This summer I cooked from scratch more than usual (which is to say I made approximately 5 food items from scratch and can count that as "more than usual" because my baseline was 0.) Here is what I learned. 1) Food is amazing and delicious and can be so calming to cook. 2) Recipes always take twice as long as I think. Always. It's science. Maybe it's because I'm not a fast vegetable chopper or because I double check the recipe five million times before committing to pouring my liquid ingredients into my solid ingredients because I *just need to be sure.* Whatever it is, I've learned to start doubling the time in my head so my expectations are met and I don't get too hangry.

6. Free trials are great if you put them on your calendar

Listen. I know that free trials exist because in 30 days, I'll forget about them and the company will be happily charging my card for the next 20 years. I had committed to not falling into that marketing trap for years until I realized something - I can put those trials on my calendar. With some trials, you can cancel immediately and the company will still let you enjoy your month of free bliss, BUT for those that don't allow me that option, Google Calendar is your friend. Now I have dates with "Cancel your ____ subscription!" on my calendar and it's been so wonderful trying all the new things. (Other tips: set up your subscription with an empty pre-paid card. Google "how to cancel my ______ subscription" when you can't quite find the right link. Set up your calendar alert on the day BEFORE your subscription will renew.)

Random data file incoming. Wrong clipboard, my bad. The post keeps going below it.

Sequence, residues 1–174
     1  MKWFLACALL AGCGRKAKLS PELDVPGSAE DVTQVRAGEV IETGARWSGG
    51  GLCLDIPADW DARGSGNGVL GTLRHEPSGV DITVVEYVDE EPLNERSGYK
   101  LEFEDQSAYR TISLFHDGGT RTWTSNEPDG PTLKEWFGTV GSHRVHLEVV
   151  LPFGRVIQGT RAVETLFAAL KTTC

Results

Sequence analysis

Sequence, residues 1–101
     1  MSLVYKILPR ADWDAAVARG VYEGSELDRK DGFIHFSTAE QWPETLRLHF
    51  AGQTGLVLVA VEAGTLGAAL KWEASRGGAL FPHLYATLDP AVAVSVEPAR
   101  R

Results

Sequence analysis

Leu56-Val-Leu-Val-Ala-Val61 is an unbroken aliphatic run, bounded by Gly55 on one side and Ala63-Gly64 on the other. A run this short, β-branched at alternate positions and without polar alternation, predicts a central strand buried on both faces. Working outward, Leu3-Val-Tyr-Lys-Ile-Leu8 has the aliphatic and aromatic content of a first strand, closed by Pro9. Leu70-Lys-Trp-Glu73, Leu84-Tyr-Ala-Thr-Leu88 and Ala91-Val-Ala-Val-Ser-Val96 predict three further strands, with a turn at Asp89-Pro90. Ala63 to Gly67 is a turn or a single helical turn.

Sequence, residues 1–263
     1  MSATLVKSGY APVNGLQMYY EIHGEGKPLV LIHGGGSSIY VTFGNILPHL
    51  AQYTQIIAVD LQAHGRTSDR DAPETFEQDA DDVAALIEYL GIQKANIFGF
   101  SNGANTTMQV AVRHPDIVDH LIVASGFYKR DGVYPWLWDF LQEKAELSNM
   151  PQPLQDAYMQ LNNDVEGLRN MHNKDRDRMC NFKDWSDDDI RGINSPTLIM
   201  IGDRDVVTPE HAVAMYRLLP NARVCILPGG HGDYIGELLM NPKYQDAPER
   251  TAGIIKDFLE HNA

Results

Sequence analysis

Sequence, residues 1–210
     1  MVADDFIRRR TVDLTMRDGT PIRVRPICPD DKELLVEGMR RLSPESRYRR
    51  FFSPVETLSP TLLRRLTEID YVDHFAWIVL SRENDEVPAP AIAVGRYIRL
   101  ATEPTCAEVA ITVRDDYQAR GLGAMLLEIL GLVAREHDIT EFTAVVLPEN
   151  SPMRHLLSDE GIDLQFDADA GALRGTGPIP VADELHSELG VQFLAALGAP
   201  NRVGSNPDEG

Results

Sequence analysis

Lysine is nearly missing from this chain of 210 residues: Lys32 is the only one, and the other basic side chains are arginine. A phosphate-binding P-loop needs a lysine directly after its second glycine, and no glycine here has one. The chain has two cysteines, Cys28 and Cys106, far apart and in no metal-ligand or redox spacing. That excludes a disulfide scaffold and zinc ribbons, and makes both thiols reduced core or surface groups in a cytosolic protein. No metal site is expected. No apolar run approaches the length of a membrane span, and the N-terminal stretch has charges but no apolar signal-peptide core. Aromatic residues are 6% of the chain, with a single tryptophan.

7. I like dotted notebooks better than lined notebooks

When I filled up my lined moleskine, I opted for a dotted notebook instead of my usual lined go-to. It has been SO FUN. The dots are there as a guide, but I have all this freedom to doodle or keep my notes in a hierarchical format that is uniform and clean. I'm definitely a fan.

8. Kindle Cloud Reader exists

Did you know you can read Kindle books without owning a Kindle? You probably did because I am super late to this party, BUT GUYS. Kindle Cloud Reader is amazing. I can read books on my computer. I can score with those awesome Kindle book deals that Ann Bogel mentions on her site (check that out here.) I'm still a firm believer in paper books, but for those times when I have my phone or computer handy, but not a book, it's been a game changer.

9. People are uncomfortable with grief

Most of the posts on my blog mention grief in some form or another, and this summer an article I wrote about grief was published by Fathom Magazine. I’ve had so many people send me encouraging notes and messages on social media about my posts, but I’ve also had a few people lovingly (I think. I hope. I choose to believe.) say things like, “have you considered writing about something else, something happier?” or “I’m worried you’re going a little too deep into talking about your grief.” For each of these types of comments, I’ve received half a dozen people saying they had no idea someone else felt the same way or they felt like I had given them permission to grieve their own loss. *That* is why I choose to write about grief.  I’m hoping to write a full post about this soon, but I didn’t realize just how controversial a topic grief could be, and I think it’s controversial because it makes us feel so uncomfortable.

10. Most nail polishes contain formaldehyde